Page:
New Orleans, Louisiana
June 26, 2016
June 26, 2016
August 28, 2016
Learning structural design concepts is an essential component in architectural education. Typically design curriculum deliver content related to structural design at the undergraduate. Many degree programs utilize a sequence that introduces theoretical concepts with a statics and strength of materials course that is then followed by an additional course or courses dedicated to structural design with wood, steel, masonry, and concrete. Historically, this content has been covered in dedicated structures courses that were at least to some extent independent of other key design components of the curriculum.
Such a strategy does not support the recent shift among the accrediting bodies for professional education in architecture and architectural engineering. The criteria relating to structural design are increasingly emphasizing outcomes focusing on structural systems in support of a more holistic understanding of the functional as well as the aesthetic role of structure in building design. Many curricula have attempted to meet this learning outcome by requiring a more robust integration of structures with design studio projects. However, given the diverse demands that a comprehensive studio project places on the knowledge and skill sets of even upper level students, the semester-long time frame for the course is typically insufficient for any in-depth exploration of structural systems.
Faculty in the Department of Architecture at ______________ investigated an alternative strategy for delivering structural systems content that re-considered the format of the stand-alone course model. The conventional lecture format was replaced with a case-study methodology that utilized existing big-box stores, all from the same retail chain, as a “real-world” laboratory. This provided a format for students to document and analyze an existing structural system in the context of actual gravity and environmental load conditions.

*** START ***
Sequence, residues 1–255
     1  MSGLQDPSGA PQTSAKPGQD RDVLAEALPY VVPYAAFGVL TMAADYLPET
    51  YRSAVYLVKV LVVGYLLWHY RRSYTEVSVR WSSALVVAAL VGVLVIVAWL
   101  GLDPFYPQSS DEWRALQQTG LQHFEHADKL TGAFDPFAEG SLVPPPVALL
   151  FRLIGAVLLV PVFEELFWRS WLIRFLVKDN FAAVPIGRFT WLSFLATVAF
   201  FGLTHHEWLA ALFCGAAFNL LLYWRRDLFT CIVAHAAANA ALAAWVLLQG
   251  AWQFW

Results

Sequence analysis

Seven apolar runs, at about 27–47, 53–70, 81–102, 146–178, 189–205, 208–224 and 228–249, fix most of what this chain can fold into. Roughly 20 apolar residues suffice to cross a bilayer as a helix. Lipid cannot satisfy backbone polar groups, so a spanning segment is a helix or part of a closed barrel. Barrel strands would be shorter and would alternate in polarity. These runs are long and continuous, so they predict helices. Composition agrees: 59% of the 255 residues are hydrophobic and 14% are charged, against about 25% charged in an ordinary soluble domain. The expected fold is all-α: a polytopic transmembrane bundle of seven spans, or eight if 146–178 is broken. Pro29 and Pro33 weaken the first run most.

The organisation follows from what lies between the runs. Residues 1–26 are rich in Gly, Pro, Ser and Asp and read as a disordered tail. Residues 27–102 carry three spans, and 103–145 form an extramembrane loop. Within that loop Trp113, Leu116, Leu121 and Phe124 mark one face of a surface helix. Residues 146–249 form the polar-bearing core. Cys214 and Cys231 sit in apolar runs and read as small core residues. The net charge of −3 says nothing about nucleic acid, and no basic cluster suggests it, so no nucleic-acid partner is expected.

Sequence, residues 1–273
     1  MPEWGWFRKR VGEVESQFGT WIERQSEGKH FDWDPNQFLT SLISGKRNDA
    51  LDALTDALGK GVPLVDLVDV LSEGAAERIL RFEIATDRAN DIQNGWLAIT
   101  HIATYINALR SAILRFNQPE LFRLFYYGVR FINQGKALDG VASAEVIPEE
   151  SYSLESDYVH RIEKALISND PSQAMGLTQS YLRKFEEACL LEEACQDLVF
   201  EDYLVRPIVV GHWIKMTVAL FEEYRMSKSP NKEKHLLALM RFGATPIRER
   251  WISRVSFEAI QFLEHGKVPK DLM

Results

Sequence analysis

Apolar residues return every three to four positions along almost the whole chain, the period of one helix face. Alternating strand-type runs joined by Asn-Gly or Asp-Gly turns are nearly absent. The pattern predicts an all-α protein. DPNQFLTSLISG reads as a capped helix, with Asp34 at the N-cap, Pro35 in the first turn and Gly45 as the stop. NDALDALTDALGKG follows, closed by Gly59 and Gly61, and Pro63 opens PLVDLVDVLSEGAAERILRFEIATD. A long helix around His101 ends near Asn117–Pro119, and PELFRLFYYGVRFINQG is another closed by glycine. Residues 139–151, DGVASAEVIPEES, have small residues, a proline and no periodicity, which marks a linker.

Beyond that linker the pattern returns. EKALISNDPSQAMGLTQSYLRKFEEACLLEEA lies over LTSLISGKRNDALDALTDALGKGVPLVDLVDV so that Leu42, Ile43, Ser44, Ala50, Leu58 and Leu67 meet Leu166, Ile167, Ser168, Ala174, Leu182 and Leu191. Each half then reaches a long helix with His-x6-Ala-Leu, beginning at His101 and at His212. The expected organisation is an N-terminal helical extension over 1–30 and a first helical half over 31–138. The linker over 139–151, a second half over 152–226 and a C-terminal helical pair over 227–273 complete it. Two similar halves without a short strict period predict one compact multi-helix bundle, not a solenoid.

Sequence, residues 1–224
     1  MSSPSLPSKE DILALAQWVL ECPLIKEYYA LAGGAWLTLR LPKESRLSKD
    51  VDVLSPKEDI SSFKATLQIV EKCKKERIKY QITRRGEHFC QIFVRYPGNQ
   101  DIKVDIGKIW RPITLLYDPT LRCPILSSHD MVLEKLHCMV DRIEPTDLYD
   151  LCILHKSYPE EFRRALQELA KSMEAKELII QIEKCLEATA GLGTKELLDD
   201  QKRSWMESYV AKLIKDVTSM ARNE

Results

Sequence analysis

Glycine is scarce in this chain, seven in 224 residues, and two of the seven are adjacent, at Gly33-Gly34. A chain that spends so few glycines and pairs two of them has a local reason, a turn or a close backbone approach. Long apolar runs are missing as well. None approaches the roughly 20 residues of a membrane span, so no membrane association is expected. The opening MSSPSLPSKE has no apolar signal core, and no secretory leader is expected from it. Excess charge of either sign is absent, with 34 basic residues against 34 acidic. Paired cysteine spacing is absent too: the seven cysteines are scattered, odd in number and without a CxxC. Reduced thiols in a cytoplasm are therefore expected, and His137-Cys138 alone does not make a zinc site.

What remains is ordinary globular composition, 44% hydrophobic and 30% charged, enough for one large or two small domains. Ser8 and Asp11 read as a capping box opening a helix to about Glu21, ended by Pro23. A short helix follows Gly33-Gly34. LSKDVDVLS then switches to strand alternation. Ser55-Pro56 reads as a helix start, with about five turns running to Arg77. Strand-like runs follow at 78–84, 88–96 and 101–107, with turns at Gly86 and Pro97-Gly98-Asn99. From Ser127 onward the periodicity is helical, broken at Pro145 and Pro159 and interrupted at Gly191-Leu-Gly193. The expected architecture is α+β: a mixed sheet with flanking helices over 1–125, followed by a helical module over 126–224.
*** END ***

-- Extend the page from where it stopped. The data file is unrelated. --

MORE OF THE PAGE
This approach took advantage of several key characteristics of the big-box building type: 1. Fixed real-world locations allowing students to collect and ultimately utilize data related to soils, wind loads, and seismic design requirements; 2. A clear yet uncomplicated relationship between the structural systems and the building envelope; 3. Exposed structural systems that were visible and could easily be documented for analysis; 4. A structural system that, while composed of multiple structural element types, was simple enough to allow for in-depth study and analysis of the members and associated connections and bearing conditions in the time frame of a semester-long course.
Building upon the content covered in their pre-requisite structural theory course, students utilized a combination of field measurements, data related to the properties of common steel shapes, and site-specific environmental loads to determine the actual structural members that were used in the big-box store’s structural system. This “reverse-engineering” approach enabled the students to apply their developing structural design skills and their knowledge related to building materials to make informed judgements in identifying a wide range of system components including bar joists, girders, and structural decking.
This paper documents the rationale for the course strategy, the associated learning objectives, the organization of the assignments, and the outcomes of the course. The results of the effectiveness of the strategy is discussed in the context of the final assessment of the students.
Guidera, S. (2016, June), Learning From the "Big Box Store" - An Alternative Strategy for Teaching Structural Systems Paper presented at 2016 ASEE Annual Conference & Exposition, New Orleans, Louisiana. 10.18260/p.25539
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